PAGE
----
• Travis County commissioners – caught between a loss of staff and an expansion in facilities – will consider a number of options next week to reduce the county medical examiner office's autopsy caseload until additional permanent pathologists can be hired. Last week, Deputy Medical Examiner Elizabeth Peacock submitted her resignation. Medical Examiner Roberto Bayardo, under fire, already announced his retirement. Options under consideration next week include declining all cases outside the region currently served by StarFlight or the Capital Area Council of Governments; declining all cases from those counties farthest from Travis County; or declining all cases from Williamson County, which won little support among commissioners. Cases also could be cut proportionally across all of the two dozen counties now using Travis County for autopsies. The county's goal is to reduce caseloads by 20 cases per month, so that the current and on-call staff only need to complete four cases per day. – Kimberly Reeves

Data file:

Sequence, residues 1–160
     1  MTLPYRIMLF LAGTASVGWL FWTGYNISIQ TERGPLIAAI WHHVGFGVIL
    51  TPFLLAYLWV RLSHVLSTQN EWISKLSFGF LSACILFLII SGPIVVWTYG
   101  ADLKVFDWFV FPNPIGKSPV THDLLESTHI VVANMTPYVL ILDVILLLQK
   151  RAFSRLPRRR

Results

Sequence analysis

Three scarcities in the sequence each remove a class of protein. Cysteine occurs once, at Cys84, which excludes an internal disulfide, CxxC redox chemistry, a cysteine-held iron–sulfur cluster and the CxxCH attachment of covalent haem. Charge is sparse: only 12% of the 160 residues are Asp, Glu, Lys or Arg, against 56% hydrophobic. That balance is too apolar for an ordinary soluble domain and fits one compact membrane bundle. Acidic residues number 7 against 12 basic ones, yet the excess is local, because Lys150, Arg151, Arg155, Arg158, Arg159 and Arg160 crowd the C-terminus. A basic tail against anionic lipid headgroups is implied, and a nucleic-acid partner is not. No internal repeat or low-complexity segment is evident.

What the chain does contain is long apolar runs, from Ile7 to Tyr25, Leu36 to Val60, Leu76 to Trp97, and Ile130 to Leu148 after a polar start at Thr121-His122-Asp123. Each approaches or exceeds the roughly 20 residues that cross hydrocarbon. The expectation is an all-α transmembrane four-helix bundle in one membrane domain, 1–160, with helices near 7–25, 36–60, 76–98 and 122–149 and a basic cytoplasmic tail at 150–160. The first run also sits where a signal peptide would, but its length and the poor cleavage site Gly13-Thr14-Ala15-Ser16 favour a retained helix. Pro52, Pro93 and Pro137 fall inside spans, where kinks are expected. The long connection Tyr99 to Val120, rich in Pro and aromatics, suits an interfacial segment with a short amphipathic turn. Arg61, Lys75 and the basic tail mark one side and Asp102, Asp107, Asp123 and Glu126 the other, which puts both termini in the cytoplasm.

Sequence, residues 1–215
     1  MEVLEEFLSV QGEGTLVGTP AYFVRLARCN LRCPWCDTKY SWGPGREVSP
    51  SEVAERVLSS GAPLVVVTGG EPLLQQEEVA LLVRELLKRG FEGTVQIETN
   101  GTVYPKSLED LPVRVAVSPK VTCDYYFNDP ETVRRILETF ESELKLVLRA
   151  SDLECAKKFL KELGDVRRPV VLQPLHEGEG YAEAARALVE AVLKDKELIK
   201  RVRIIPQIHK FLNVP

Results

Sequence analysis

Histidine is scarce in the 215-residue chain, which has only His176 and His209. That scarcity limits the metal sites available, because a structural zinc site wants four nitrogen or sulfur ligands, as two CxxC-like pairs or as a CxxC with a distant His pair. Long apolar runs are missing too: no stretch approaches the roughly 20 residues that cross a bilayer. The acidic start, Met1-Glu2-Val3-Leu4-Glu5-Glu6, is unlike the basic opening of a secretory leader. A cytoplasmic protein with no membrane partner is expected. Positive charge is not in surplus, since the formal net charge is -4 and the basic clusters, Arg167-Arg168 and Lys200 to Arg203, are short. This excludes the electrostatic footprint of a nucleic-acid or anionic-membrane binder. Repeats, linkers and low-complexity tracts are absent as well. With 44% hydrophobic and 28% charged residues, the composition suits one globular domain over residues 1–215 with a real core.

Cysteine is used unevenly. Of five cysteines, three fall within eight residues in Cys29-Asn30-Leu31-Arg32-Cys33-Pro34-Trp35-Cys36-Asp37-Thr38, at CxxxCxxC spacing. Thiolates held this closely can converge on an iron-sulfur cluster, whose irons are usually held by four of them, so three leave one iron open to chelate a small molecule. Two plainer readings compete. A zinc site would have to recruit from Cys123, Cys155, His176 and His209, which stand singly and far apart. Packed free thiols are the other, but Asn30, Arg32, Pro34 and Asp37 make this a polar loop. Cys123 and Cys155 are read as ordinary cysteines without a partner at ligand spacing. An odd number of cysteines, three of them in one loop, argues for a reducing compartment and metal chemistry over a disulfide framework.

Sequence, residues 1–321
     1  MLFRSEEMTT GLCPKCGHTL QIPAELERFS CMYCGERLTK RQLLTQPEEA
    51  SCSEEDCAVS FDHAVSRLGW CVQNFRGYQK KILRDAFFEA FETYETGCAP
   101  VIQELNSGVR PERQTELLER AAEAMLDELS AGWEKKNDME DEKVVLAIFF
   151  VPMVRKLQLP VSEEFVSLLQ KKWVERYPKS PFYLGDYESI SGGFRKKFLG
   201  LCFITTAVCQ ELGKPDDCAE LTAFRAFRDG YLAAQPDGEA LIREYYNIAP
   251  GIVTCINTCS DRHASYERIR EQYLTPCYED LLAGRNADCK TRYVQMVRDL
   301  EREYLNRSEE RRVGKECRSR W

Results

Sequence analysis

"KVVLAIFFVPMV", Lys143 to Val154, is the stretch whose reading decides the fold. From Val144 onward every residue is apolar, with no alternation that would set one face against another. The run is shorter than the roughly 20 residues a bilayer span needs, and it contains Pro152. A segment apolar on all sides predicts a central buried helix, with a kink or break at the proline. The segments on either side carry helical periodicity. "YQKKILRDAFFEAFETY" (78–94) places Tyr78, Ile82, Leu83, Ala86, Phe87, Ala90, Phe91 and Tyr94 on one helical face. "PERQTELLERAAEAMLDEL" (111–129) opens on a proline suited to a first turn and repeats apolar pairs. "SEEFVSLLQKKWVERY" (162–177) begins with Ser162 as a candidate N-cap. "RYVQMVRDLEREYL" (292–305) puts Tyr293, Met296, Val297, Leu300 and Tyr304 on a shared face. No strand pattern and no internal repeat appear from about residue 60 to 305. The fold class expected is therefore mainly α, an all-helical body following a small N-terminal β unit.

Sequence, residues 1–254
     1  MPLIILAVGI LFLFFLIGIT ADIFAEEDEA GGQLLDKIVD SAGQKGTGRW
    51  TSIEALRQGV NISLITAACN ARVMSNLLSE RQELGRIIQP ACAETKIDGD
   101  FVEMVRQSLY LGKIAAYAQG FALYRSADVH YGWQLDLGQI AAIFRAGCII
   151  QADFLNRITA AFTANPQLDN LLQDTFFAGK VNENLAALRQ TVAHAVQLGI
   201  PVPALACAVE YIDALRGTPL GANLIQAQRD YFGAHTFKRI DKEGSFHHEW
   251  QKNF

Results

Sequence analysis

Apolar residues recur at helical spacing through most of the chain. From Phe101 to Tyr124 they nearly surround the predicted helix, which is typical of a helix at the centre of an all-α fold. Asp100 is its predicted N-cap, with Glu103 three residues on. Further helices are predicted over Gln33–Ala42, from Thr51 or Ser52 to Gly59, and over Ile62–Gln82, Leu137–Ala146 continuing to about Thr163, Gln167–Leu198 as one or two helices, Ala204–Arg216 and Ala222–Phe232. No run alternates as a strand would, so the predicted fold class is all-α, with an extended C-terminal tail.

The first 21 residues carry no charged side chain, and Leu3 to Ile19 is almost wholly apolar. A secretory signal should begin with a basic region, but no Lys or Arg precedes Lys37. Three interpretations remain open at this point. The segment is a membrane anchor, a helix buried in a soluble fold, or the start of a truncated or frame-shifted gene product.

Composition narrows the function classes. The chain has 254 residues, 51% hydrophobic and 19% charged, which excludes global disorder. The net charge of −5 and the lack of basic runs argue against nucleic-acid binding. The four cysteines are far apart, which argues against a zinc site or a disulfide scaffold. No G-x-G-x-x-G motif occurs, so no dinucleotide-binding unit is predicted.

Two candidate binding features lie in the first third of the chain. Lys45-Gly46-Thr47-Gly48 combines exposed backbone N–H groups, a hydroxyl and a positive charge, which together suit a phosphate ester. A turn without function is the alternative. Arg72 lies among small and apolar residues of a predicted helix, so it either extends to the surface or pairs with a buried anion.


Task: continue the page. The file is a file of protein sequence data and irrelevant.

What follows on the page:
• Former Austin Police Officer Julie Schroeder's arbitration hearing testimony (see p.19) was interrupted Friday by an angry protester shouting that Schroeder is a "liar" and that she "killed someone" – 18-year-old Daniel Rocha. The outburst came from Vida Fuerte Renteria, a member of the activist group People Organized in Defense of Earth and her Resources, and took everyone by surprise. PODER leader Susana Almanza characterized Renteria's outburst as an understandable welling of emotion, though the interruption appeared to be a planned protest. As Schroeder described the moments just before she initiated a traffic stop on the sport utility vehicle in which Rocha was a passenger, Renteria stood up and yelled "liar!" and then walked toward Schroeder. Renteria lifted his shirt – perhaps to prove he was unarmed, although the motivation wasn't readily apparent. (Court records show Renteria has been arrested several times for felony assault – including assault of a police officer and injury to an elderly person. Prosecutors dismissed at least two of the charges.) Schroeder quickly stood and several officers surrounded her as she slipped out a side door, as Renteria lay down on the floor moving his arms behind his back saying. "this is how you arrest an unarmed [person]." Renteria was arrested and charged with hindering proceedings by disorderly conduct, a Class A misdemeanor punishable by up to a year in state jail and/or a $4,000 fine. – J.S.